Elsewhere, the Arizal writes that starting in the generation of Enosh (the grandson of Adam), people began manipulating the divine names of angels to suit their own selfish, unholy desires. This is the meaning of Genesis 4:26, “And to Seth was also born a son, and he named him Enosh. It was then that God’s Name began to be profaned.” Rashi famously comments here that in Enosh’s generation idolatry emerged. The Arizal explains that it began with the manipulation of God’s ministering angels through their names.

‘Turris Babel’ by Athanasius Kircher

In fact, this is how the Tower of Babel was built. Moreover, the aim of its power-hungry builders was to move beyond angels and learn how to manipulate God Himself! The Torah introduces the passage by saying the Tower generation were “one people with one language” (Genesis 11:1). The Ba’al HaTurim points out that the term “one language” (שפה אחת) has the same gematria as “holy tongue” (לשון הקדש), since the people were experts in the mystical wisdom of Hebrew, the language with which God created the universe, and through which God’s angels emanate. Not surprisingly, the punishment of the Tower builders was to have their language confounded. Their knowledge of Hebrew was taken away, replaced with countless new tongues and dialects.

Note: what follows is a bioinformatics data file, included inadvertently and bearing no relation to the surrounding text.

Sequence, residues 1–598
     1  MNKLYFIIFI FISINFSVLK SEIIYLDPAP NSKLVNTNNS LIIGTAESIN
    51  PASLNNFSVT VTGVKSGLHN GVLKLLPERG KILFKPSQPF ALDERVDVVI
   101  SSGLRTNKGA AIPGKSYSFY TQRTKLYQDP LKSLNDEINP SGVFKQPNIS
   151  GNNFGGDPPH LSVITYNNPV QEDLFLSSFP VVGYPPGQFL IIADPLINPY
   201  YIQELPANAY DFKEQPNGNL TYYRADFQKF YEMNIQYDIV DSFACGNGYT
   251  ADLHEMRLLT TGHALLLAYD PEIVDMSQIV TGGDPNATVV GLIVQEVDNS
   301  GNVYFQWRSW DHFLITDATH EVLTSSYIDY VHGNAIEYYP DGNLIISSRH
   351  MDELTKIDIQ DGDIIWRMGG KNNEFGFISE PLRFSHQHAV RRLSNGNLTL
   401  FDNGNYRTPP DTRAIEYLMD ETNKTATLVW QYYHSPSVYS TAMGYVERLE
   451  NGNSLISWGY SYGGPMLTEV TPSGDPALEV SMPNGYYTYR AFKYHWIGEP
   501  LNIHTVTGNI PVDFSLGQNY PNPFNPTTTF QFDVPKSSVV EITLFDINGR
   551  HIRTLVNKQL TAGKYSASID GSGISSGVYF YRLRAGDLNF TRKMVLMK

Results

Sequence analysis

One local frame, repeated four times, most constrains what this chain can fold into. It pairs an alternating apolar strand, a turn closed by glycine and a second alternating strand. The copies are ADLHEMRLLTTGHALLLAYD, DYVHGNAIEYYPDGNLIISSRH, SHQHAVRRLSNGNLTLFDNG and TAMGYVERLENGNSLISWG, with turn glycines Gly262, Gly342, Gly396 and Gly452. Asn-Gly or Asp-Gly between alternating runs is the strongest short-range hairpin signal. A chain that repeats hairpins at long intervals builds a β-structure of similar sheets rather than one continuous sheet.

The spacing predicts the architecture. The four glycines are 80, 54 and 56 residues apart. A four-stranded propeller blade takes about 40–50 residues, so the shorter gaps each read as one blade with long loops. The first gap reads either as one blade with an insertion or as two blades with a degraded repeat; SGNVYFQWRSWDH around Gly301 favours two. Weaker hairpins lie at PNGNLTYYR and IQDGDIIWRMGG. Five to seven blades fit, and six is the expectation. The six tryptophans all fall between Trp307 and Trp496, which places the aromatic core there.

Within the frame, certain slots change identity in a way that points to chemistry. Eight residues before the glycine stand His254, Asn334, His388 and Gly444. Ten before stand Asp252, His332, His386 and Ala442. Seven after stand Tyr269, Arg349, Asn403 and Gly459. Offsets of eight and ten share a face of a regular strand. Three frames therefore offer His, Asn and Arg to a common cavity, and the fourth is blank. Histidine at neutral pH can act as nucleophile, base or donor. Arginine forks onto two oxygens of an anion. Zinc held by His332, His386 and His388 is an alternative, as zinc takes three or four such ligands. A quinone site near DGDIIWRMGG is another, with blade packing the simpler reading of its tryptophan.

The Meaning of Vayikra

The Zohar’s commentary on this week’s parasha continues by explaining the meaning of the word Vayikra. This word symbolizes God’s primary legion of angels, the one that descended upon the Tent of Meeting together with the Clouds of Glory that rested upon it (Exodus 40:35). The Zohar says the Cloud was actually meant to conceal these angels.

The commanding “general” of this legion is the angel Michael (מיכאל). Below him, his chief officer is called Tzadkiel (צדקיאל). Tzadkiel stands over three “colonels”, each with a “lieutenant” angel, surrounding by twelve ministering angels (three on each of the four sides). The names of the three pairs are Kdumiel (קדומיאל) and Ariel (אריאל), Yofiel (יופיאל) and Chakhamiel (חכמיאל), and Raziel (רזיאל) and Rumiel (רומיאל). The source of their angelic glow is the letter Vav, which emanates from the inner Holy of Holies. Guarding the Holy is Kdumiel’s division, shining with the letter Yud. Before him is Yofiel’s division, shining with the letter Kuf; then Raziel’s with the letter Reish, and finally Tzadkiel with the letter Aleph. This order of letters spells Vayikra (ויקרא).

The Zohar goes on to explain the divisions of the second camp of angels that parallel this first camp. While the first is under the command of Michael, the second is under the command of his counterpart Gabriel (גבריאל). His subordinates are Chizkiel (חזקיאל), and under him are Gazriel (גזריאל) with his twelve angels, then Rahatiel (רהטיאל) and Kadshiel (קדשיאל) with their twelve, Kaftziel (קפציאל) and Aza’el* (עזאל) with their twelve, as well as the twelve around Shmiel (שמעיאל) and Ragshiel (רגשיאל), who move between the camps of Michael and Gabriel.